Our principal executive offices are located in San Jose, California.  Our lease is currently for approximately 28,600 square feet of office space and approximately 2,400 square feet of laboratory space and terminates at the end of September 2018. We have identified suitable replacement space nearby and are in the process of closing a long-term lease agreement and preparing to relocate mid-year. In 2017, we leased a 7,800 square feet of space for a clean-room and office space in Milpitas, California. In February 2018, this lease has been expanded to include an additional 10,000 square feet of office space and extended through January 2023. We lease other office space in La Jolla, California, Pennsylvania and Texas with an aggregate of 12,700 square feet under various leases that expire at different times through April 2022.  We also lease approximately 25,500 square feet of office space in Shanghai, China that expires in September 2018. We also have offices in France, Germany, Italy, Japan, Korea, and Taiwan with an aggregate of approximately 17,200 square feet under various leases that expire at different times through April 2024. We believe our existing and planned facilities are adequate to meet our current needs and are being utilized consistently with our past practice. We consistently look for opportunities to minimize costs related to office space through improved efficiencies and intend to make changes to leased facilities in the future as appropriate to reflect changes in worldwide operations and headcount.

 

Item 3.  Legal Proceedings

 

From time to time, we are subject to various claims and legal proceedings that arise in the ordinary course of business. We accrue for losses related to litigation when a potential loss is probable and the loss can be reasonably estimated in accordance with FASB requirements. As of December 31, 2017, we were not party to any material legal proceedings, thus no loss was probable and no amount was accrued.  

    

Item 4.  Mine Safety Disclosures

 

None.

 

 

PART II

 

Item 5.  Market For Registrant’s Common Equity, and Related Stockholder Matters and Issuer Purchases of Equity Securities

 

Our common stock trades on the NASDAQ Global Market under the symbol “PDFS.” As of March 1, 2018, we had approximately 35 stockholders of record. The number of stockholders of record does not include individuals whose stock is in nominee or “street name” accounts through brokers.

  

The following table sets forth for the periods indicated the high and low closing sale prices for our common stock as reported by the NASDAQ Global Market: 

 

2017

 

High

   

Low

 

First Quarter

  $ 23.20     $ 21.16  

Second Quarter

  $ 23.62     $ 16.24  

Third Quarter

  $ 19.69     $ 14.32  

Fourth Quarter

  $ 18.24     $ 14.32  

 

2016

 

High

   

Low

 

First Quarter

  $ 13.92     $ 8.99  

Second Quarter

  $ 15.24     $ 12.20  

Third Quarter

  $ 18.17     $ 13.74  

Fourth Quarter

  $ 24.16     $ 17.77  

  

 

Dividend Policy

 

No cash dividends were declared or paid in 2017, 2016 or 2015. We currently intend to retain all available funds to finance future internal growth and product development and stock repurchases and therefore do not anticipate paying any cash dividends on our common stock for the foreseeable future.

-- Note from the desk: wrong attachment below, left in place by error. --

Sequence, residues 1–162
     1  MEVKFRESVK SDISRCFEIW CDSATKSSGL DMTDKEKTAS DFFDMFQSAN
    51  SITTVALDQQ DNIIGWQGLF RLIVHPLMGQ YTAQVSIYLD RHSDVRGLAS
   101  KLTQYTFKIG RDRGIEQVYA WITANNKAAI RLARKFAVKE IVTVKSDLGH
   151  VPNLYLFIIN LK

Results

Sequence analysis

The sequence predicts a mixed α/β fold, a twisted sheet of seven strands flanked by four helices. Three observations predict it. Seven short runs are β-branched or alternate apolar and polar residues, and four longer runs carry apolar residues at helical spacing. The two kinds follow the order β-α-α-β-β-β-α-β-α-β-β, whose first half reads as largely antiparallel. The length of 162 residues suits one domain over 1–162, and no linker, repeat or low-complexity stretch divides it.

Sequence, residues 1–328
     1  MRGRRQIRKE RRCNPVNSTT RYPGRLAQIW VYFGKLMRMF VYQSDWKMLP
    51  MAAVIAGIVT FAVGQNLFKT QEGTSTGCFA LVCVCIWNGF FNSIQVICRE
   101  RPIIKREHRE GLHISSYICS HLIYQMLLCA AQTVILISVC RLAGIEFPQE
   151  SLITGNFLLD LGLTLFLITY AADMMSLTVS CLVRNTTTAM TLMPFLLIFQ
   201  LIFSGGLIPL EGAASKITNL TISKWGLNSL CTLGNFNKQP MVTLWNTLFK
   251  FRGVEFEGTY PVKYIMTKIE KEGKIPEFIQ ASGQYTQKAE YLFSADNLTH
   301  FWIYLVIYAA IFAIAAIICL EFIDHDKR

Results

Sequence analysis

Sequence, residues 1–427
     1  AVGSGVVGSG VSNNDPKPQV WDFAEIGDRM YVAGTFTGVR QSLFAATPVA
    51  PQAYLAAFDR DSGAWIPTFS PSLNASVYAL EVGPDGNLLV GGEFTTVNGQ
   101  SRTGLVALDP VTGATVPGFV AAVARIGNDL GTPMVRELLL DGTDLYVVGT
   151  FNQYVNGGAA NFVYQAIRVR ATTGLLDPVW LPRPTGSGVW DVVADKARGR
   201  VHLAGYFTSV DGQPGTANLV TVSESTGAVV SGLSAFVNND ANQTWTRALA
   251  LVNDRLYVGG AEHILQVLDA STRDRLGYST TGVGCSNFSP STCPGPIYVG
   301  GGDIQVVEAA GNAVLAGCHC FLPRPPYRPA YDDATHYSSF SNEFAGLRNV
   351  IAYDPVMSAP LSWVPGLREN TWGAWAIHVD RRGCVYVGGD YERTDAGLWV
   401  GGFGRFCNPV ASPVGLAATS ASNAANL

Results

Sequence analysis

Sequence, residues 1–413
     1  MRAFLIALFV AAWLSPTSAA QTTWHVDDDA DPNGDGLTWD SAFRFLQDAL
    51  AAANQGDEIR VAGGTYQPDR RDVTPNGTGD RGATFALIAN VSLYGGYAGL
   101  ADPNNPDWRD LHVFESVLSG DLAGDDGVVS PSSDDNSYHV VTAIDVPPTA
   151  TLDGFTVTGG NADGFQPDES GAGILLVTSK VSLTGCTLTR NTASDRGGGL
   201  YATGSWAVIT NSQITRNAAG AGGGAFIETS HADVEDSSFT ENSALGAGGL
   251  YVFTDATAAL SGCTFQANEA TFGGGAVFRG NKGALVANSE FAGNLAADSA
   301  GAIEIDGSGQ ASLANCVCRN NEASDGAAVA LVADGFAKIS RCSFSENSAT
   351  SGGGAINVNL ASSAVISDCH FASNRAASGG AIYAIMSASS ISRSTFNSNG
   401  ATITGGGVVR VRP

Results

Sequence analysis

Stock Performance Graph

 

The following graph and tables compare the cumulative total stockholder return data for our stock since December 31, 2012 to the cumulative return over such period of (i) The NASDAQ Composite Index and (ii) the RDG Technology Composite Index. The graph assumes that $100 was invested on December 31, 2012. The graph and tables further assume that such amount was initially invested in the Common Stock of the Company at a per share price of $13.78 (closing price on December 31, 2012) and that of any dividends were reinvested. This performance graph and the corresponding tables are not “soliciting material,” is not deemed filed with the SEC and is not to be incorporated by reference in any filing by us under the Securities Act or the Exchange Act whether made before or after the date hereof and irrespective of any general incorporation language in any such filing. The stock price performance on the following graph and tables is not necessarily indicative of future stock price performance. 

 

 

 

    12/12     12/13     12/14     12/15     12/16     12/17  

PDF Solutions, Inc.

    100.00       185.92       107.84       78.66       163.64       113.93  

NASDAQ Composite Index

    100.00       141.63       162.09       173.33       187.19       242.29  

RDG Technology

    100.00       132.51       155.05       161.00       181.12       247.79  

 

 

Purchases of Equity Securities by the Issuer and Affiliated Purchasers

 

On October 25, 2016, the Board of Directors adopted a program, effective immediately, to repurchase up to $25.0 million of the Company’s common stock both on the open market and in privately negotiated transactions over the next two years. During the year ended December 31, 2017, the Company repurchased 842,182 shares under this program. As of December 31, 2017, 842,182 shares had been repurchased at an average price of $15.93 per share under this program for a total purchase price of $13.4 million, and $11.6 million remained available for future repurchases.